Sarah Brightman sang Wednesday in UB’s Center for the Arts, and you could say she was out of this world.
Brightman is touring in support of her current project, “Dreamchaser.” It’s a beautiful name, and she lived up to it, commanding center stage in an endless array of sparkling costumes. In arresting light effects, huge planets revolved behind her, and giant snaps of red and blue lightning. Sometimes you would see the Milky Way.
“Dreamchaser” is all about outer space, an obsession of Brightman. In the near future, she is to board a Russian spacecraft that will take her to the International Space Station. Once on the ISS, she will orbit the Earth 16 times daily and intends to become the first professional musician to sing from space. Don’t laugh! That is taken directly from the program.
As she waits to orbit the Earth in space, Brightman is orbiting the Earth’s surface. Her current tour visits five continents and more than 100 concert venues. Word has it that UB is one of the smaller venues. Most are larger halls and arenas.
You could tell her show was designed for big venues, and UB’s show suffered somewhat, at least at first, because of that. I was told that the show involved seven trucks and 150 crew members. It was conceived to play in front of a big crowd, and for a while, though the Center For the Arts was virtually sold out, she seemed kind of distant.
She began with “Angel,” off “Dreamchaser.” Ribbons of blue light, and big, booming accompaniment, billowed around her. “One Day Like This,” another “Dreamchaser” song, followed, with green and red lights swimming this way and that.
You could tell you were listening to the ultimate professional. Her voice, in the mic, was perfectly amplified, and her notes were pure. Throughout the evening she wore a succession of long gowns, of black, white and ivory. They shimmered and sparkled, and she knew how to move with them, her arms perpetually undulating, like a mermaid, or a sorceress.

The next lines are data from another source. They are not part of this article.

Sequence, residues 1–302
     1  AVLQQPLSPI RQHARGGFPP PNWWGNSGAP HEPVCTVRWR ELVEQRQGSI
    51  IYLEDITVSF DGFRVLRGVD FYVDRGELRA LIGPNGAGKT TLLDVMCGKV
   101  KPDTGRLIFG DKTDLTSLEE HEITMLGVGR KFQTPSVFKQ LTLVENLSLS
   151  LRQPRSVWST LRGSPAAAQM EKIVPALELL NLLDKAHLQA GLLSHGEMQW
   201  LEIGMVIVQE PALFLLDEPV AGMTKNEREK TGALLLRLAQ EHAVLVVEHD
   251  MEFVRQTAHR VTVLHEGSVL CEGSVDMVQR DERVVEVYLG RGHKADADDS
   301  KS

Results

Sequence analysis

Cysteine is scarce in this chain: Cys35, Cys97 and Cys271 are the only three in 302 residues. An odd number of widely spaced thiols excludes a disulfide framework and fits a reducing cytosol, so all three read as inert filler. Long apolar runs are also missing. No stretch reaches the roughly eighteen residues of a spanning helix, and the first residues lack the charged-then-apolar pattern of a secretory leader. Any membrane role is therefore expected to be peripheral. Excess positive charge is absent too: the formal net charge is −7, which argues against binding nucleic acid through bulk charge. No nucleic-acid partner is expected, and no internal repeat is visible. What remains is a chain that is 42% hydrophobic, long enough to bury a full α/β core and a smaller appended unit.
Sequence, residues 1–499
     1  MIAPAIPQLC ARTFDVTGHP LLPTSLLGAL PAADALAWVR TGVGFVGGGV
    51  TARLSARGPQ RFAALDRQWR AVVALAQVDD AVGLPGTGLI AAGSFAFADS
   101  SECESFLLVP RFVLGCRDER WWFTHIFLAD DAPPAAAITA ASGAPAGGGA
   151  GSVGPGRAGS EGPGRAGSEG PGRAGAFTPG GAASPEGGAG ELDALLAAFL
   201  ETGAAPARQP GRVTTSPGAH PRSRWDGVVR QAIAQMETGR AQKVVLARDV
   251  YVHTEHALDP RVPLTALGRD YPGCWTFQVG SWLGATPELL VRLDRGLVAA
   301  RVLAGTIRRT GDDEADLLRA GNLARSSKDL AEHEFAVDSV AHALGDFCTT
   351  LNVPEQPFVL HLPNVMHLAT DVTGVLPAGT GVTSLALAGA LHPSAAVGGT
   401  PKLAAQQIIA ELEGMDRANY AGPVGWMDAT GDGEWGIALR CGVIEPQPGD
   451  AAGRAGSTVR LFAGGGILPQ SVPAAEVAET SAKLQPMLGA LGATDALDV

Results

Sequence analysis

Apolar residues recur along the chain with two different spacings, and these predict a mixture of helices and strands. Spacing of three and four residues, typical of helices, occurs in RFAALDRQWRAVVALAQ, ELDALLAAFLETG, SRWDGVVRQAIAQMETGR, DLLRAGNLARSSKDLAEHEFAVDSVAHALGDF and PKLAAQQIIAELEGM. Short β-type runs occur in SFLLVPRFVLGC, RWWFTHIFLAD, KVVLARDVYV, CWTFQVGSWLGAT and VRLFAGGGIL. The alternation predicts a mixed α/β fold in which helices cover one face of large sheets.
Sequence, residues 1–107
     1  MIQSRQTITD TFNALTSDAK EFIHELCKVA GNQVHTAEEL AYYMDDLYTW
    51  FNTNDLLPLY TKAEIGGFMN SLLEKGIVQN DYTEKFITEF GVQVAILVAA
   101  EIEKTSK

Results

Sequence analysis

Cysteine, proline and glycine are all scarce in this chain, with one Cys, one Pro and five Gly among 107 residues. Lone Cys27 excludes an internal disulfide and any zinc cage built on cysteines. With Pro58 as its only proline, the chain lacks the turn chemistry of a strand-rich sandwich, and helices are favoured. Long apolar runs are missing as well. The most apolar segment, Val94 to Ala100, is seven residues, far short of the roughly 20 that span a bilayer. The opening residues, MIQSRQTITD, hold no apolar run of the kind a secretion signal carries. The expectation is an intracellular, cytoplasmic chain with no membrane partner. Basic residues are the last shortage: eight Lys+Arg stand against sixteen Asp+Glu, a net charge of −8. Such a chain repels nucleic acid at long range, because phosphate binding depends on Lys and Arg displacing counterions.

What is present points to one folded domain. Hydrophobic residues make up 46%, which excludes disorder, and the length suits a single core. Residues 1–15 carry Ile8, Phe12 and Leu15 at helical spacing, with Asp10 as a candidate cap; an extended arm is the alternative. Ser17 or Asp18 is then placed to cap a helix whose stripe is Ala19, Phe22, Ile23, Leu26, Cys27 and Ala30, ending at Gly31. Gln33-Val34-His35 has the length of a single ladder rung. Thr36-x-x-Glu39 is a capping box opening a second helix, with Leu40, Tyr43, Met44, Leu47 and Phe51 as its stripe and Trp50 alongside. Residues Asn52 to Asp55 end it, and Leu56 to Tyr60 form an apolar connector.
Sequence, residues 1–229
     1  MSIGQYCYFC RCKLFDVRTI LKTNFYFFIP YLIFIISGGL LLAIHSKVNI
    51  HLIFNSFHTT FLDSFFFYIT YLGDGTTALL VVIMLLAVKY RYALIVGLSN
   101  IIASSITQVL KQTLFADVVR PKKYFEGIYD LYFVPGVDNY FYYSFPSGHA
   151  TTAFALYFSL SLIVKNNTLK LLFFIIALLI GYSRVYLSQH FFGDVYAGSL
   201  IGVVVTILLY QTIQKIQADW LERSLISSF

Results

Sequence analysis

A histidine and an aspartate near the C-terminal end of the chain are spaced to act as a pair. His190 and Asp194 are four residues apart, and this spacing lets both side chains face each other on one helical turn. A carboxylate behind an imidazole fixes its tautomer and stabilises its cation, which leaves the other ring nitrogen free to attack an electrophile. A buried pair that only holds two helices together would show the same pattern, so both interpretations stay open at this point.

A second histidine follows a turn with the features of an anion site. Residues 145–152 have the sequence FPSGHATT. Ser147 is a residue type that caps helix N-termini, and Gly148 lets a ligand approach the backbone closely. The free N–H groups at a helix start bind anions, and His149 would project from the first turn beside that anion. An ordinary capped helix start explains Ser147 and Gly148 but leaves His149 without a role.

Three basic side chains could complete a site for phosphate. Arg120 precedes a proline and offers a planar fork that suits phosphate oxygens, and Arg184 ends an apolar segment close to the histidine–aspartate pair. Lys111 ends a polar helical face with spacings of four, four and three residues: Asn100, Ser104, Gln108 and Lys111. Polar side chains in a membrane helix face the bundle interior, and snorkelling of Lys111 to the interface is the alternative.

For the first six or seven songs, the effect was too remote. The songs from “Dreamchaser” just aren’t that good, for one thing, and they don’t do that much to showcase her voice. Brightman seemed blind to the audience, and maybe she was, with all those lights. She approached each song the same way, as a kind of Egyptian/Celtic goddess, alone on a lift in the center of the stage. It seemed things would stay that way.
Happily, they didn’t. The mood picked up when two classical dancers in filmy costumes joined her. These two young women were good, and fun to watch. In “Song to the Moon,” from Dvorak’s “Rusalka,” they lounged indolently at her feet, as a giant moon appeared on the backdrop. Brightman looked like a priestess in a temple.
Not long after that she addressed us, telling us, “Thank you for being here tonight.” Everyone seemed to loosen up.
Highlights followed. Brightman did “It’s a beautiful day,” drawn from Puccini.
It was great to hear “Song of India,” by Rimsky-Korsakov. When was the last time you heard that? The two dancers, whipping around in long filmy sleeves, looked like exotic flowers. “Canto Della Terra,” a song Brightman has sung with Andrea Bocelli, enchanted the crowd. She was joined for this number by a male singer. He, too, was on the remote side, but they made a good team.
The first half of the concert ended with a delightfully overblown “Nessun Dorma.” The second act’s showstopper was the “Sing, My Angel” theme from “The Phantom of the Opera.” Brightman pulled this one off admirably. At 52, she’s not the waif-like girl she was when Andrew Lloyd Webber wrote for her the part of Christine.